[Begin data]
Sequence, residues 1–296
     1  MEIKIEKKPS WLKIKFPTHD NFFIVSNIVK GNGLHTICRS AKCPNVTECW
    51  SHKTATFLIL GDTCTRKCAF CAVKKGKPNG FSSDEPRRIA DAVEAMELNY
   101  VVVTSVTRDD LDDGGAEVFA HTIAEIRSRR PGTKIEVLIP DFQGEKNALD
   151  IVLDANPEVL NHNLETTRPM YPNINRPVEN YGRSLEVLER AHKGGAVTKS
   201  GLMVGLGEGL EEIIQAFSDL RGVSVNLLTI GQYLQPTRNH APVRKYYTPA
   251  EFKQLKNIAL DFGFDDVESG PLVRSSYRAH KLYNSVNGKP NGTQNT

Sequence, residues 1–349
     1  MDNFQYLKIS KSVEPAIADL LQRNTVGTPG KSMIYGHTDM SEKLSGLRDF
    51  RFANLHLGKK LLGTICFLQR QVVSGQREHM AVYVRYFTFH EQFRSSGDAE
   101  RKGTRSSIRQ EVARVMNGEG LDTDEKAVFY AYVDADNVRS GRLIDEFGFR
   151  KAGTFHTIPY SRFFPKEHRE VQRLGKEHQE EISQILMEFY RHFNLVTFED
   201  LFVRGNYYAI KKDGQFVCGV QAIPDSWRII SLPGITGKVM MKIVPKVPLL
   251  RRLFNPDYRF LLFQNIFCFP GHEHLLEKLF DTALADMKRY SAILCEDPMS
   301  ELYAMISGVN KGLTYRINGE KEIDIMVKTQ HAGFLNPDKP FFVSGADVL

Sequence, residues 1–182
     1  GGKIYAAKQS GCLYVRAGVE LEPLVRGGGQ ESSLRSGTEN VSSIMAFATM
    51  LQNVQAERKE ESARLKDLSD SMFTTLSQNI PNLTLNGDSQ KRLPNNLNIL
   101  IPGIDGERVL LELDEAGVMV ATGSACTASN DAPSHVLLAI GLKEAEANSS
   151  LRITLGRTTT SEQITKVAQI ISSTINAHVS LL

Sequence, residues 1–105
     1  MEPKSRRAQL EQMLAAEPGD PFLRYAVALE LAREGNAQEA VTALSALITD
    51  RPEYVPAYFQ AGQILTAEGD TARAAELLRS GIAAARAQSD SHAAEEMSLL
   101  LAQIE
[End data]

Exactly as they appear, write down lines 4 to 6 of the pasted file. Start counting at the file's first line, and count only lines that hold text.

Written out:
   101  VVVTSVTRDD LDDGGAEVFA HTIAEIRSRR PGTKIEVLIP DFQGEKNALD
   151  IVLDANPEVL NHNLETTRPM YPNINRPVEN YGRSLEVLER AHKGGAVTKS
   201  GLMVGLGEGL EEIIQAFSDL RGVSVNLLTI GQYLQPTRNH APVRKYYTPA